TL;DR: Recruiters often handout technical tests prematurely. Don't complete one before you've had confirmation the employer is actually interested in you. For example, you've already had a phone interview.
At least in London, home technical tests have become a popular way to screen freelance developers. On paper they're great:
Interviewers hand out a simple programming task for applicants to complete in their own time. Interviewers get an insight into the programming skills of applicants outside of artificial, interview conditions.
Except, I don't do them anymore (sort of):
In my naive youth I'd spend hours of spare time putting together well-crafted solutions to home technical tests. Faithfully, I'd email it off to the recruiter and then...
Never hear back. Time wasted. Frustration levels, high.
(You've probably had similar experiences)
This is why it happens:
In a perfect world, home technical tests are only given to applicants who have had their CVs reviewed by an employer. Employers shouldn't be wasting an applicant's time if there is something obvious that makes them unsuitable.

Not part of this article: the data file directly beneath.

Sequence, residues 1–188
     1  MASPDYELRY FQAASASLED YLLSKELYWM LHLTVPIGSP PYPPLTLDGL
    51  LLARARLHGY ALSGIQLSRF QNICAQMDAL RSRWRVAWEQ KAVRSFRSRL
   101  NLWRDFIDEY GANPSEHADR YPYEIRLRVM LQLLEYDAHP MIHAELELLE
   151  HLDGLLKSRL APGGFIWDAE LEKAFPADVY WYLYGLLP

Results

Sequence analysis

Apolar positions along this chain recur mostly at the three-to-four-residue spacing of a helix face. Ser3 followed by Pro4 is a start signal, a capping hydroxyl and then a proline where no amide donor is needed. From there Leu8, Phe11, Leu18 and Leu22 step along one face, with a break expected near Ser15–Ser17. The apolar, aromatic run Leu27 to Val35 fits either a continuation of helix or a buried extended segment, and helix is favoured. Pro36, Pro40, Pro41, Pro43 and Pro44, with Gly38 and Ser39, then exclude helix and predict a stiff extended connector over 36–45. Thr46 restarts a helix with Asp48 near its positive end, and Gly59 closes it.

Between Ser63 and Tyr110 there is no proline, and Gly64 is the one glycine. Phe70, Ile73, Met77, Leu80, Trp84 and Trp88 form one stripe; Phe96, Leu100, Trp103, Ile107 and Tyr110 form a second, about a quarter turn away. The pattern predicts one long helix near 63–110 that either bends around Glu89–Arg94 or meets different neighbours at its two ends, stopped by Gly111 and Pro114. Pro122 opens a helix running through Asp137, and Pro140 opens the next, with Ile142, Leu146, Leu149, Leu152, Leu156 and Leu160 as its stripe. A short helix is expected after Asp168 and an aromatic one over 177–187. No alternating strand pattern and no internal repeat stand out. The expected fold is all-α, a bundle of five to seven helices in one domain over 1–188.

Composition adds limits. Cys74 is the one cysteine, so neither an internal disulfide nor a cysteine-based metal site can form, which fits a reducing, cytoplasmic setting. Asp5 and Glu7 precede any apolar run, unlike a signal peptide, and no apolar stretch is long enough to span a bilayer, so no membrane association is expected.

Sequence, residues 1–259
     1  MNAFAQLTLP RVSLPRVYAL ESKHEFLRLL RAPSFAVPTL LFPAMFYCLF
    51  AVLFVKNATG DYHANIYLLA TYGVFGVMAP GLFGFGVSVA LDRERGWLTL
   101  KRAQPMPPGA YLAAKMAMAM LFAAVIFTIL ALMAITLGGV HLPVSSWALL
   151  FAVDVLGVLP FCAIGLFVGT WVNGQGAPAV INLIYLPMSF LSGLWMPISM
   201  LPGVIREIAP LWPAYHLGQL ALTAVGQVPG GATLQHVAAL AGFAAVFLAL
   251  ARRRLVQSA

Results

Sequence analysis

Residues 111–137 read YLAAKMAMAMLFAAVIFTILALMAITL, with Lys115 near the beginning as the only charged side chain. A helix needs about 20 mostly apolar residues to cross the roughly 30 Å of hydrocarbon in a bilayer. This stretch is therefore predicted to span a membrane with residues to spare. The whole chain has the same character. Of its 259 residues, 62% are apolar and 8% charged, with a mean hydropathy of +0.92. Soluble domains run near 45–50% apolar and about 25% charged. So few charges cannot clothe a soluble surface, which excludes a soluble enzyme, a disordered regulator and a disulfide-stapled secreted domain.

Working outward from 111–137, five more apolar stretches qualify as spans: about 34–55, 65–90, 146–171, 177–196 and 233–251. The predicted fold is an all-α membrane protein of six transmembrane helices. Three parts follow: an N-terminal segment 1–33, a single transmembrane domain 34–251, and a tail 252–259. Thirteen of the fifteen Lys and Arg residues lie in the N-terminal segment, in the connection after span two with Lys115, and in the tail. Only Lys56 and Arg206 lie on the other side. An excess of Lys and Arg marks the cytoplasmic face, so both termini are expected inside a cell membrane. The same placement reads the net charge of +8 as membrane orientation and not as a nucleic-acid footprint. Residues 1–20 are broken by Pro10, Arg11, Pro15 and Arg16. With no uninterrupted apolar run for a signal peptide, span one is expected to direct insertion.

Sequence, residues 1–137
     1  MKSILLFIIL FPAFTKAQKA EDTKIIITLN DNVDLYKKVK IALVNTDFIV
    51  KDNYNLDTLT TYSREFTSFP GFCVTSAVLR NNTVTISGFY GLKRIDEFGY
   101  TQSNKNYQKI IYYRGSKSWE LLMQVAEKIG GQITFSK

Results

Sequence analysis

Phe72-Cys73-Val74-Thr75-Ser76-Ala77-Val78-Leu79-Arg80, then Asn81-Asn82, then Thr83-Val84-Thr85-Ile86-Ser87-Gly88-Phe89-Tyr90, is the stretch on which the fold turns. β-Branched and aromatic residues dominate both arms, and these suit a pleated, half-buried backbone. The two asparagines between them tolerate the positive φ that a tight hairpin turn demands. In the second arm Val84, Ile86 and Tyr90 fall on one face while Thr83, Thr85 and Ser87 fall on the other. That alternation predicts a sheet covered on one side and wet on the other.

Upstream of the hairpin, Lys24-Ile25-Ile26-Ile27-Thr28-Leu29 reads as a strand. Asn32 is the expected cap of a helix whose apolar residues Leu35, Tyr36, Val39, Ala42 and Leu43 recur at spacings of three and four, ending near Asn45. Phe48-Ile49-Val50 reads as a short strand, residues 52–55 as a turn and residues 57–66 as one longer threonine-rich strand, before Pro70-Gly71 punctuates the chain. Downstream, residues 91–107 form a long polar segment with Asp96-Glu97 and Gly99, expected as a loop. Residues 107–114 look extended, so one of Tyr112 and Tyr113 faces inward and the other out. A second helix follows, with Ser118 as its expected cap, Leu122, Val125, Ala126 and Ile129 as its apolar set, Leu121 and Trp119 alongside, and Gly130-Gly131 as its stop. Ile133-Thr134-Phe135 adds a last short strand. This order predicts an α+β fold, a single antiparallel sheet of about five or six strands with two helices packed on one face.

In reality, nefarious recruiters get hold of technical tests and prematurely give them to any and all candidates they see. To get them to complete these tests they tell them employers are already interested, even though the employer hasn't seen their CV at all and they may not even be appropriate for the role.
This lie means recruiters can shove applicants through the process faster, at the expense of desperate or trusting applicants who have little-or-no chance of being successful.
The solution is simple, though: refuse.
Ensure you've had first-hand confirmation an employer is actually interested. Especially if you're applying indirectly through a recruiter. If the recruiter insists you complete a technical test before you speak directly with the employer, don't do the test. In my experience, most of the time you'll never hear back anyway.
In other words, ensure employers are prepared to make their own time investment before you invest your own. For example, by talking with you on the phone first.
For employers: Make sure you're looking at CVs before you hand out home technical tests. And please keep tabs on what your recruiters are up to. This sort of thing looks unprofessional. Or, find a way to cutout recruiters and deal direct with candidates.
For recruiters: Levels of trust are low. Find some way to regulate your industry to stop these kinds of fraudulent practices.